User types on @xrdocs

There are 2 types of users on @xrdocs

  • Owners/contributors of the corresponding github repos (app-hosting, telemetry etc.). The documents created by these users on prose.io directly get committed to the github repos (hence the website), when saved.
  • Guest Bloggers: Do NOT have write access to repositories. All their documents created on prose.io appear as pull requests on github, and are subject to a peer review by the owners/contributors before merging with the website.

TMEs in the SP group at Cisco are the only ones with write access to github repositories that host xrdocs content. If you’d like to write a guest article on any of the xrdocs websites please send an email to xrdocs-team with the following data:

  • Full Name
  • Github ID
  • Email
  • attach a bio photo in jpg/jpeg/png format
  • twitter handle (optional)

Writing your first tutorial

Let’s assume you’re a Contributor (have write access to the application-hosting github repo of @xrdocs: @xrdocs/application-hosting

To start writing a tutorial, browse to the application-hosting gh-pages branch on prose.io by using the following link: http://prose.io/#xrdocs/application-hosting/tree/gh-pages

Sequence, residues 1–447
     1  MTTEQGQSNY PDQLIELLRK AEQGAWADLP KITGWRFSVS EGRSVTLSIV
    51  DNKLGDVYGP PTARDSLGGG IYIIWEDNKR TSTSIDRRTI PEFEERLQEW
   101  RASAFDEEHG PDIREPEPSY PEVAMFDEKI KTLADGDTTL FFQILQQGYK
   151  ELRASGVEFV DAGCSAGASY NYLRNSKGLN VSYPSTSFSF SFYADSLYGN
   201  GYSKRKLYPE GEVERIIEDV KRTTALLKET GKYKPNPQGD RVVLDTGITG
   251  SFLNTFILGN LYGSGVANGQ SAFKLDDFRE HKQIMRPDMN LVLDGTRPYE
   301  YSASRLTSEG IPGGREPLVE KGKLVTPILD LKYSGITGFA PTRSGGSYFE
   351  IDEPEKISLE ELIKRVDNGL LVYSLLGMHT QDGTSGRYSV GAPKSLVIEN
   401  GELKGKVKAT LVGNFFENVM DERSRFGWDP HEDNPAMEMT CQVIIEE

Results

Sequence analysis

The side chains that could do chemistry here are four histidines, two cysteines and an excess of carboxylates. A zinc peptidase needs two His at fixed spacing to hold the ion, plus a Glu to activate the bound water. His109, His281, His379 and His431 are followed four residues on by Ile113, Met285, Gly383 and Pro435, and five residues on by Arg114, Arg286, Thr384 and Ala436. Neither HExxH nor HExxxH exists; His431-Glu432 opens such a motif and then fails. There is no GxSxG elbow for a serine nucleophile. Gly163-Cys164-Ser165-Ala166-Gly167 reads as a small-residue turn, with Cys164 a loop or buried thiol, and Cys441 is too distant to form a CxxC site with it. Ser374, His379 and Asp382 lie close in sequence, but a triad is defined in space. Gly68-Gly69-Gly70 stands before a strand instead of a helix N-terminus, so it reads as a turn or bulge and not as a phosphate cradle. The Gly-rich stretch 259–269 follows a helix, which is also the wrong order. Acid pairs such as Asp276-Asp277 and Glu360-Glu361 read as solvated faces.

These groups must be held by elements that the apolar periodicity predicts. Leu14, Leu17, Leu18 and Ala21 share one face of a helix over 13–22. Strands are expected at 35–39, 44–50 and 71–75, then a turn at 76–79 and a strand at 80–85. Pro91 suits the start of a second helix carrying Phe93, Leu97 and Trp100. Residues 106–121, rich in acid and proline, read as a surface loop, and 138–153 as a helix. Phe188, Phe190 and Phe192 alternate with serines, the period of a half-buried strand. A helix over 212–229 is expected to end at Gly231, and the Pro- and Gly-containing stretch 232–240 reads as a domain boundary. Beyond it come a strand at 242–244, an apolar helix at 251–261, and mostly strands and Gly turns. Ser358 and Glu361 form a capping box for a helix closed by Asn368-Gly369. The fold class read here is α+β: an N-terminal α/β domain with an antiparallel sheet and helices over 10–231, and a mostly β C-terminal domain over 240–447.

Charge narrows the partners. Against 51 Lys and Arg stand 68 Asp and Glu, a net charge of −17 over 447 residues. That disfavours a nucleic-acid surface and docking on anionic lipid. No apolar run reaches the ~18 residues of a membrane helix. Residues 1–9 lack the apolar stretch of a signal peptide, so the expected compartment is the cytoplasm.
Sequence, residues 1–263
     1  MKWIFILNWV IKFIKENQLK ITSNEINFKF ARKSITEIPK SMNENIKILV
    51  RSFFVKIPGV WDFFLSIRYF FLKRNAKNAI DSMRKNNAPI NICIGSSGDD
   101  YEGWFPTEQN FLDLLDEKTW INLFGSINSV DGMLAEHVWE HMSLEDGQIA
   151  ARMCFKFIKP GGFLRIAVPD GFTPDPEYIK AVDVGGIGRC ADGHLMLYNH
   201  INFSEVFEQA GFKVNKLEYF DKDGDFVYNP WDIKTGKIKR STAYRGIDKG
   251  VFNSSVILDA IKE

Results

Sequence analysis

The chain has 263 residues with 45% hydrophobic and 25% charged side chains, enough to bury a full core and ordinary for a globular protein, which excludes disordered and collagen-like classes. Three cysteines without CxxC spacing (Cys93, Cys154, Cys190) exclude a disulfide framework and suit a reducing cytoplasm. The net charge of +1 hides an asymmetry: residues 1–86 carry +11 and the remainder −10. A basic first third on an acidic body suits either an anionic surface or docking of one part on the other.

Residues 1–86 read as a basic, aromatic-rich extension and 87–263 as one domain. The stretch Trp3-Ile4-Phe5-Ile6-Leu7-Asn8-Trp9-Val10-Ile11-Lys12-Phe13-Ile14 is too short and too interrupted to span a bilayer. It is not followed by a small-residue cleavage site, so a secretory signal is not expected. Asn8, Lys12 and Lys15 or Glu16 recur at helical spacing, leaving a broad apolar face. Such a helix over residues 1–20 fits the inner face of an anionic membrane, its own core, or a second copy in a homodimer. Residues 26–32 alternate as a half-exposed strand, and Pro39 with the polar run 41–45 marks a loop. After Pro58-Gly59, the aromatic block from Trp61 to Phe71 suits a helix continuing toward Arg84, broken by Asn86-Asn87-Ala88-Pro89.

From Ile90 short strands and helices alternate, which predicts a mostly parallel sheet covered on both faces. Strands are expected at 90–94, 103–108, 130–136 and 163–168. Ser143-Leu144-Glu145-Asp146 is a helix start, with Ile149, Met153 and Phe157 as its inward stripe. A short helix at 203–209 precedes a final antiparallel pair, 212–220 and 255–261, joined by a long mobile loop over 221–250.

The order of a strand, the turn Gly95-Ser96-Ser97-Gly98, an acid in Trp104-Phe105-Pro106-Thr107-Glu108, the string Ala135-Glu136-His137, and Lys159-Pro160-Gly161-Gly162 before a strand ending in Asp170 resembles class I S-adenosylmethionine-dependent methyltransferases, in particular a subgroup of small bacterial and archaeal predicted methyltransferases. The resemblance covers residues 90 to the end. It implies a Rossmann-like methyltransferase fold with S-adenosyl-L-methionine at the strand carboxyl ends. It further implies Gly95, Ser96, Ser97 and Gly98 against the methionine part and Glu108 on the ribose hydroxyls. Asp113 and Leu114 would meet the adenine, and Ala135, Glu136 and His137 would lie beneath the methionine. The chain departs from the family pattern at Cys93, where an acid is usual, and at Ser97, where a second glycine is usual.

The gh-pages branch is important. The resultant website is rendered on the gh-pages branch of the github repository that hosts the content. But don’t worry! The internal configuration has been set up to ensure that in Prose.io, you will only see the relevant folders when you browse to the gh-pages branch. On the master branch, things will be empty!

Proseio apphosting xrdocs homepage You will be presented with a few set of repositories that you have access to from prose.io:

Click on the Tutorials folder:

xrdocs-images upload tutorial images

Click on the NEW FILE button.

You will now be presented with a markdown editor to create your document:  

Proseio new tutorial